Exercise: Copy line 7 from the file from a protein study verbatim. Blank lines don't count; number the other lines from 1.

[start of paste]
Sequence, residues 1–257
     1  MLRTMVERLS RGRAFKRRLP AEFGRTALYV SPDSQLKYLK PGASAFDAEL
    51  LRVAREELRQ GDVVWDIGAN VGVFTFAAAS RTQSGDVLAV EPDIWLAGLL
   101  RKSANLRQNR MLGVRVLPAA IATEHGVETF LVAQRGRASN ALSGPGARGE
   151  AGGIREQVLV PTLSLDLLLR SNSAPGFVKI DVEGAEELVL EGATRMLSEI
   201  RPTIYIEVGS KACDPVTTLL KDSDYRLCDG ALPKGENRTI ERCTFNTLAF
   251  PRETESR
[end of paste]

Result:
   251  PRETESR